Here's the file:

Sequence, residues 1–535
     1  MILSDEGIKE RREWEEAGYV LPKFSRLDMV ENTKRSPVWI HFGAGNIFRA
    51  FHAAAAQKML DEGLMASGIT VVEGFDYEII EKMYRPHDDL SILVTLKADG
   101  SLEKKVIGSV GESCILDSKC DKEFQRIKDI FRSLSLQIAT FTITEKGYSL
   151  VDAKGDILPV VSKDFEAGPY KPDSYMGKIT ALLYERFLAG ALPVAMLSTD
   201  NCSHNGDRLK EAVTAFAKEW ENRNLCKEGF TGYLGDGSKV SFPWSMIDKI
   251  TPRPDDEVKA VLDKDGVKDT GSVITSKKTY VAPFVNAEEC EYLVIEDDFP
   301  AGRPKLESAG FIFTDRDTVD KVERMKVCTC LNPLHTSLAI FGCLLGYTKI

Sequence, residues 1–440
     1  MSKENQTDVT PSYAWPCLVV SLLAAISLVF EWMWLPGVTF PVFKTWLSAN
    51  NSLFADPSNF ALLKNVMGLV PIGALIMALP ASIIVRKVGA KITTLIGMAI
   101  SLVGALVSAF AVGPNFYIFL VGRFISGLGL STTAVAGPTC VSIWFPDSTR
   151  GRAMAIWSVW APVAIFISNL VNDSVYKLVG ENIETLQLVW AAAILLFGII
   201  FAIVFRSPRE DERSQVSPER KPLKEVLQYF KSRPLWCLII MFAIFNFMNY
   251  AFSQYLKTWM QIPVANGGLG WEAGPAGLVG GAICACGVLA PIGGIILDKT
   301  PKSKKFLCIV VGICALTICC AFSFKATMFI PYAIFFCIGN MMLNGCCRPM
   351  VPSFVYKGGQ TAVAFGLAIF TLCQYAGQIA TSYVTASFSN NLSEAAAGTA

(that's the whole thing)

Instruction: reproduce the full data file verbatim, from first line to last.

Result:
Sequence, residues 1–535
     1  MILSDEGIKE RREWEEAGYV LPKFSRLDMV ENTKRSPVWI HFGAGNIFRA
    51  FHAAAAQKML DEGLMASGIT VVEGFDYEII EKMYRPHDDL SILVTLKADG
   101  SLEKKVIGSV GESCILDSKC DKEFQRIKDI FRSLSLQIAT FTITEKGYSL
   151  VDAKGDILPV VSKDFEAGPY KPDSYMGKIT ALLYERFLAG ALPVAMLSTD
   201  NCSHNGDRLK EAVTAFAKEW ENRNLCKEGF TGYLGDGSKV SFPWSMIDKI
   251  TPRPDDEVKA VLDKDGVKDT GSVITSKKTY VAPFVNAEEC EYLVIEDDFP
   301  AGRPKLESAG FIFTDRDTVD KVERMKVCTC LNPLHTSLAI FGCLLGYTKI

Sequence, residues 1–440
     1  MSKENQTDVT PSYAWPCLVV SLLAAISLVF EWMWLPGVTF PVFKTWLSAN
    51  NSLFADPSNF ALLKNVMGLV PIGALIMALP ASIIVRKVGA KITTLIGMAI
   101  SLVGALVSAF AVGPNFYIFL VGRFISGLGL STTAVAGPTC VSIWFPDSTR
   151  GRAMAIWSVW APVAIFISNL VNDSVYKLVG ENIETLQLVW AAAILLFGII
   201  FAIVFRSPRE DERSQVSPER KPLKEVLQYF KSRPLWCLII MFAIFNFMNY
   251  AFSQYLKTWM QIPVANGGLG WEAGPAGLVG GAICACGVLA PIGGIILDKT
   301  PKSKKFLCIV VGICALTICC AFSFKATMFI PYAIFFCIGN MMLNGCCRPM
   351  VPSFVYKGGQ TAVAFGLAIF TLCQYAGQIA TSYVTASFSN NLSEAAAGTA